Even Eliot’s take on Christianity is colored by despair. The rebirth he describes as resulting from Christ’s crucifixion is no rebirth at all but a terrifying stay at a hospital staffed by corpses. The best we can hope for is to “die of the absolute paternal care.” Eliot emphasizes not Easter Sunday—the day of the Resurrection—but instead Good Friday: the day of Christ’s death, for which humans bear responsibility. The hospital imagery and the emphasis on human malignity are obvious references to the European war raging while Eliot was writing. They also, though, represent his realization that human folly and the inability to see the larger designs behind history doom any human endeavors to failure.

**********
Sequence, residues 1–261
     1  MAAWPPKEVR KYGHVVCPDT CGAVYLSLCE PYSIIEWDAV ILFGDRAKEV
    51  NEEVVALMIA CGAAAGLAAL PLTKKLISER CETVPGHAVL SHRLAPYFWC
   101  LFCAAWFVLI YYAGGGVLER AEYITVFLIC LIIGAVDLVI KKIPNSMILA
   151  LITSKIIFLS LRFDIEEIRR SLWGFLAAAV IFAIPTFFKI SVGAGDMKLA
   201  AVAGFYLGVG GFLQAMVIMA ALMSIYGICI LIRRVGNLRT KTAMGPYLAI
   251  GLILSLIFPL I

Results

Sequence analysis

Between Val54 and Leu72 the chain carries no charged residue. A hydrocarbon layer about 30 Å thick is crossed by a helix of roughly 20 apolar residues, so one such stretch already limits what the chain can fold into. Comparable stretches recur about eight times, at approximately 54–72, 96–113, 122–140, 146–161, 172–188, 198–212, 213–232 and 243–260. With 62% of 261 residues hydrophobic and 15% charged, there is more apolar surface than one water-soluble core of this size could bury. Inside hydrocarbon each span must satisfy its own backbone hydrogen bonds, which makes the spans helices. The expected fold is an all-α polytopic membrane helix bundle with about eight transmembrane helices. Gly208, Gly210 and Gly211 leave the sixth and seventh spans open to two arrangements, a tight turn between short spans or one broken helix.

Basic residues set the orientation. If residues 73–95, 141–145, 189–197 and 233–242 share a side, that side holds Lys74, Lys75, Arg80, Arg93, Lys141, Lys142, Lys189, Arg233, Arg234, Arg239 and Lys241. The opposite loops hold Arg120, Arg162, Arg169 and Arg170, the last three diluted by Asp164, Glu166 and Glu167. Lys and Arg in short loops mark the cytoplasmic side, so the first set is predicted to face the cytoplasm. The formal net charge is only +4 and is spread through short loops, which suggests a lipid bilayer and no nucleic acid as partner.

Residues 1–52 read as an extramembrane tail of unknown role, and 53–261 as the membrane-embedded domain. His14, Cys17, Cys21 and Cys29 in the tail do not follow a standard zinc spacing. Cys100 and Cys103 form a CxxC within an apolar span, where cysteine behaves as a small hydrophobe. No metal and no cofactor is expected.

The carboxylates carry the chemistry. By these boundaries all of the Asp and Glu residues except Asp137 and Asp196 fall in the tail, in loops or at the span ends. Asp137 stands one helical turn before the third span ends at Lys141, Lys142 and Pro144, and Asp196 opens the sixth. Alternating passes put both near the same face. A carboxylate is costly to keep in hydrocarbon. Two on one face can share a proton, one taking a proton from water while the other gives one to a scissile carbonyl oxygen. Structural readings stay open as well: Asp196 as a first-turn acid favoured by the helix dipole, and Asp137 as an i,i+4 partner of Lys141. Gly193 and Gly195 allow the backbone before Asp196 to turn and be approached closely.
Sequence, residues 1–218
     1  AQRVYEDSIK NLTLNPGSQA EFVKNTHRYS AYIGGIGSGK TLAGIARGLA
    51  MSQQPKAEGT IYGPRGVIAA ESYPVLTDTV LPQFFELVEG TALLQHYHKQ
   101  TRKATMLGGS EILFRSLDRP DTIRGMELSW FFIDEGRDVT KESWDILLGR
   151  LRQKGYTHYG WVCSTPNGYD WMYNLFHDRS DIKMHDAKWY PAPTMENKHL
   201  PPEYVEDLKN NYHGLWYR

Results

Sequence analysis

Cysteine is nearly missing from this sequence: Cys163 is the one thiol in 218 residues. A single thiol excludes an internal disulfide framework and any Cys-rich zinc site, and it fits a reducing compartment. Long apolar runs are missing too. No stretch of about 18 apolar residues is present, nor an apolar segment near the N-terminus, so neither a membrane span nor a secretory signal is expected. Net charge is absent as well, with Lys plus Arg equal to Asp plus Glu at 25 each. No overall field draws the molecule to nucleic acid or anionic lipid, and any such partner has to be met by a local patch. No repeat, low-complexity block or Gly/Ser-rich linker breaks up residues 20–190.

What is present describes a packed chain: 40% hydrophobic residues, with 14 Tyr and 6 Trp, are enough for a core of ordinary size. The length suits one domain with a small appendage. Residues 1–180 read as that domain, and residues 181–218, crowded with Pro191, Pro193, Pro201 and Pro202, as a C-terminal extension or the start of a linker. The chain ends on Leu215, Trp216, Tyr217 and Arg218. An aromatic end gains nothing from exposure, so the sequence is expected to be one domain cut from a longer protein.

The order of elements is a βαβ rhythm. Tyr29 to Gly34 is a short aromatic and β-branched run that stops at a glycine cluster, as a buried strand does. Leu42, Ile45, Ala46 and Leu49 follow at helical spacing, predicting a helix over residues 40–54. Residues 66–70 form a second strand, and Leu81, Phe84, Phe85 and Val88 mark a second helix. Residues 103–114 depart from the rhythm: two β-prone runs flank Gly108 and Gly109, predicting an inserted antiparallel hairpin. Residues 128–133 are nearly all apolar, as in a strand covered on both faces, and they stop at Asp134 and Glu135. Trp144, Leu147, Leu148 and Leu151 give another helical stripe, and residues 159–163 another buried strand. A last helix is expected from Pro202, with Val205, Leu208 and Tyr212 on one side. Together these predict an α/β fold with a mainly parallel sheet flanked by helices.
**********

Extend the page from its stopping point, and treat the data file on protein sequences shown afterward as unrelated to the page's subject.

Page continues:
Particularly doomed to failure are Eliot’s own attempts at poetry. This is by far the poet at his most pessimistic. The beautiful, if confusing and despairing, lyric that opens the second section is erased by the harsh assessment of poetry that follows it. Here words not only fail to signify completely but indeed actively falsify, for they fail to appreciate the pattern rendered anew “in every moment” for what it truly is: “a new and shocking valuation of all we have been.” This is the same assessment of time and perspective that Eliot had made in his earlier essay “Tradition and the Individual Talent,” except that here, the destruction and renovation brought about by time does not enable poetry or enrich the cultural tradition—rather, it is merely crippling. The contemporary world in this poem is made up not of the fragments of past glories that were featured in The Waste Land, but of disconnected, entirely new and culturally blank features: overpasses and subway tunnels. Thus, “East Coker” offers little hope for either humanity or poetry.